Bipartisan Bill Would Give the Philippines $2.5 Billion in Military Aid

The legislation would give Manila $500 million per year through 2029

On Wednesday, Senators Bill Hagerty (R-TN) and Tim Kaine (D-VA) introduced a bill that would give the Philippines $2.5 billion in military aid over five years as the US is boosting military ties with Manila as part of its strategy against China in the region.

The legislation would give Manila $500 million over five years through to the 2029 fiscal year. The aid would be in the form of Foreign Military Financing (FMF), a State Department program that gives foreign governments money to purchase US weapons.

The Philippines is already the largest recipient of US military aid in the Asia Pacific. From 2015 to the end of 2021, Manila received $1.14 billion in military assistance from the US, including $475 million in FMF.

Hagery and Kaine introduced the bill on the eve of the first-ever trilateral summit between the leaders of the US, Japan, and the Philippines, which President Biden is hosting in Washington. The three nations are expected to announce new forms of cooperation, including joint patrols in the South China Sea, where tensions are soaring between the Philippines and China.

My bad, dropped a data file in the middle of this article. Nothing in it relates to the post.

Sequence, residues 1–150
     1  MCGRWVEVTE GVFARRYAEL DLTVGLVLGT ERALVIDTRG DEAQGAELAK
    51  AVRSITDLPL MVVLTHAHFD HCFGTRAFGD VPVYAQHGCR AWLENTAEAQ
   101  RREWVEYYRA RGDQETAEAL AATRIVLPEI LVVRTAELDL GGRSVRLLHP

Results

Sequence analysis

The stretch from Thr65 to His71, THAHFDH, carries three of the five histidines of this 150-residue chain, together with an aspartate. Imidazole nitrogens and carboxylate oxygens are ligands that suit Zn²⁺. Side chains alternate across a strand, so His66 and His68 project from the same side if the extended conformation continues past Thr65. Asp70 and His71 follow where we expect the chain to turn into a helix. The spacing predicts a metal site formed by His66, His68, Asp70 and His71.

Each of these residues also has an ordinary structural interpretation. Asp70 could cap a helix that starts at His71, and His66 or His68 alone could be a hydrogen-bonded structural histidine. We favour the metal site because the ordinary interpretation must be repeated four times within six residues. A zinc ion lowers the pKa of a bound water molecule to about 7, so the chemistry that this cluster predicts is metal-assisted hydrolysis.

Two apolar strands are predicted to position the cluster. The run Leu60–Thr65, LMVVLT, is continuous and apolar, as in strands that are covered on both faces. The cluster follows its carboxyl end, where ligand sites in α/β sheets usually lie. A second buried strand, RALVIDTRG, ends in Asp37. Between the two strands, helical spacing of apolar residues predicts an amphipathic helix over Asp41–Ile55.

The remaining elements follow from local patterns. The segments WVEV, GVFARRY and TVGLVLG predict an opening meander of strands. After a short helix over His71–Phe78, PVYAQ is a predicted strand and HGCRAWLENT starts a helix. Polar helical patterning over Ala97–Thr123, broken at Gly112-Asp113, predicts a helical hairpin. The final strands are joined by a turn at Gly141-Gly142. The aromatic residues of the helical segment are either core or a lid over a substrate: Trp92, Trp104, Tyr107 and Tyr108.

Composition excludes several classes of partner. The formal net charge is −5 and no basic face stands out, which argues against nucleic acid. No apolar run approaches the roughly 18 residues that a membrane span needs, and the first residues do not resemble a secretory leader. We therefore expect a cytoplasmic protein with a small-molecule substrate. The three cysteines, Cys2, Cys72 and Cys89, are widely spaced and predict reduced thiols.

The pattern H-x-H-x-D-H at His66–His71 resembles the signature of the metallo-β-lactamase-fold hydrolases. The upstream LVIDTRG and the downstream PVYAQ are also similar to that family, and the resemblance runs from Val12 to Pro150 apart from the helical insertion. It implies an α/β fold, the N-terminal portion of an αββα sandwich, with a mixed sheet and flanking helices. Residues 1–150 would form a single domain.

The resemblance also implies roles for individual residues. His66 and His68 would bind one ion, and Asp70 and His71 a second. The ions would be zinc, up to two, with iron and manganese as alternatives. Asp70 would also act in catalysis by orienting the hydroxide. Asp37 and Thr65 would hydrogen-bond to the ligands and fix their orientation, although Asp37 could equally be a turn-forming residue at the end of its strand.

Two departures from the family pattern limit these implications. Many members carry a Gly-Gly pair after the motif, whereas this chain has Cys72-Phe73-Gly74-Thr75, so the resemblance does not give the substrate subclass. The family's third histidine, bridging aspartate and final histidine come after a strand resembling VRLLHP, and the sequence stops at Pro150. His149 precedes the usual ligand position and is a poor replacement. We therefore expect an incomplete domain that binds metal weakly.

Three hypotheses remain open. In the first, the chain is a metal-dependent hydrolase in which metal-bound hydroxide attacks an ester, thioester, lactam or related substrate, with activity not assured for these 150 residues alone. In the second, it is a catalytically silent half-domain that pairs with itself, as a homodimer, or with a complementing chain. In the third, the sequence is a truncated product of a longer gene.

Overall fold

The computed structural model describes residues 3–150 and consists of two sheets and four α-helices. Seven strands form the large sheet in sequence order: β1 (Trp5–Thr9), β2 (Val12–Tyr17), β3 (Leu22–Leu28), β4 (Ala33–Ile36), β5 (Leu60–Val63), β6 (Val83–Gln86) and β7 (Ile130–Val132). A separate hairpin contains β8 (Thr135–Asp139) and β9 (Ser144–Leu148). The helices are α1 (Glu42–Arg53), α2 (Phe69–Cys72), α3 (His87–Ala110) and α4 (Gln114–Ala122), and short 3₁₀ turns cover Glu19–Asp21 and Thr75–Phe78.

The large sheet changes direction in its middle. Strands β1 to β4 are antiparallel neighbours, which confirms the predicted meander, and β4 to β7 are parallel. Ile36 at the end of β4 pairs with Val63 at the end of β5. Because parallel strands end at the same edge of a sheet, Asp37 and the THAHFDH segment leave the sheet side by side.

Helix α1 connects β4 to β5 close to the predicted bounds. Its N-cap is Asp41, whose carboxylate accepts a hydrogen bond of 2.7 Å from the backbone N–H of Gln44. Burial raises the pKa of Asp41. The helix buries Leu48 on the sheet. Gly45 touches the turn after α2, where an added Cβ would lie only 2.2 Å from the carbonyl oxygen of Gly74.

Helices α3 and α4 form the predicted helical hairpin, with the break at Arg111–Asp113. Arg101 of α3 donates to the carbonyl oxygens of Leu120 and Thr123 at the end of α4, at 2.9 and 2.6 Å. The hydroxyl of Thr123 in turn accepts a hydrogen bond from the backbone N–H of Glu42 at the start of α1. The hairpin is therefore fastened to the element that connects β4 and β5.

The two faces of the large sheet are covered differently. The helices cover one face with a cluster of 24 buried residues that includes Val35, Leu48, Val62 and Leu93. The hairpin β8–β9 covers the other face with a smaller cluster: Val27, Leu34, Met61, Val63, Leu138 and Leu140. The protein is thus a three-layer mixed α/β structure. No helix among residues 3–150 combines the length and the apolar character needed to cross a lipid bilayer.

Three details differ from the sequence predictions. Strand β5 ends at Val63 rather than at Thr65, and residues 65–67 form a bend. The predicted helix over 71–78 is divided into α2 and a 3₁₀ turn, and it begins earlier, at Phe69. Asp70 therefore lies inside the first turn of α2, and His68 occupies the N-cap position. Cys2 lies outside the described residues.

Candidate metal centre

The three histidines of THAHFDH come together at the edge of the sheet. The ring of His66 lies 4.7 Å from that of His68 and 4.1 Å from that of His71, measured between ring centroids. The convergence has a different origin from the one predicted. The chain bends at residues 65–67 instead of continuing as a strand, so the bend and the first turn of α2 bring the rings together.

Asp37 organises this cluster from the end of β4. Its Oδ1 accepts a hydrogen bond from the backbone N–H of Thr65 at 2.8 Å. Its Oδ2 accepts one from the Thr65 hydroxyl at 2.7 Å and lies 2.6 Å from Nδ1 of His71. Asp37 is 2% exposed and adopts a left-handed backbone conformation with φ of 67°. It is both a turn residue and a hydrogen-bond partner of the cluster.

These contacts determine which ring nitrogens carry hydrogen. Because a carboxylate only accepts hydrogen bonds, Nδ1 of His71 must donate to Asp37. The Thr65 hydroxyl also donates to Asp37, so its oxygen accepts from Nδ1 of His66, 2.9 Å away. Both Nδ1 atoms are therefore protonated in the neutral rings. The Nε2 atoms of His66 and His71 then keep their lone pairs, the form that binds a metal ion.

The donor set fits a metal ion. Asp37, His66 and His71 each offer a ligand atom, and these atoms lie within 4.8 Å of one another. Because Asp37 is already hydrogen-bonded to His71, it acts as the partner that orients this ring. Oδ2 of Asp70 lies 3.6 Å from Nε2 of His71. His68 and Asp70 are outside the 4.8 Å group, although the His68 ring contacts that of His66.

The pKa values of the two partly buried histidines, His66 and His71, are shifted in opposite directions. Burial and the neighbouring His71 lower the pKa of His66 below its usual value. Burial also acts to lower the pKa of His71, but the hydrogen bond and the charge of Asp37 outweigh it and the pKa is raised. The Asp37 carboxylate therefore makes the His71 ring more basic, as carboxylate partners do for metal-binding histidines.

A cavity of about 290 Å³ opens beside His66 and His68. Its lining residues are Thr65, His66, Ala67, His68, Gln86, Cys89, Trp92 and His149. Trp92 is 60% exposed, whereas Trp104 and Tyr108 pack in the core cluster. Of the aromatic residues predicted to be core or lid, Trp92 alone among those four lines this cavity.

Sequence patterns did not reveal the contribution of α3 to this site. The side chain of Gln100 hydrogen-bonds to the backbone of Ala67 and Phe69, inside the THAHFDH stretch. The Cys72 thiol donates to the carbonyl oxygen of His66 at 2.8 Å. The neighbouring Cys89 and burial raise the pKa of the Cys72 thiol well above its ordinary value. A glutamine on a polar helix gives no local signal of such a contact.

Philippine President Ferdinand Marcos Jr. has taken a much harder line against China’s claims to the South China Sea than his predecessor, Rodrigo Duterte, who was much more friendly and diplomatic toward Beijing. The US has emboldened Marcos with new military support, and there has been a spike in confrontations between Chinese and Philippine vessels near disputed rocks and reefs.

Whenever there is an incident, the US reminds China that the US-Philippine Mutual Defense Treaty applies to attacks on Philippine vessels in the South China Sea, a commitment the US formalized when Washington and Manila issued new guidelines for the treaty last year.

The commitment means the US is threatening to intervene if the maritime dispute turns into a shooting war, making the South China Sea a potential flashpoint for a war between the US and China. Tensions show no sign of easing as the US and its allies in the region continue to increase military activity in the waters, and China shows no interest in backing down.

Author: Dave DeCamp

Dave DeCamp is the news editor of, follow him on Twitter @decampdave.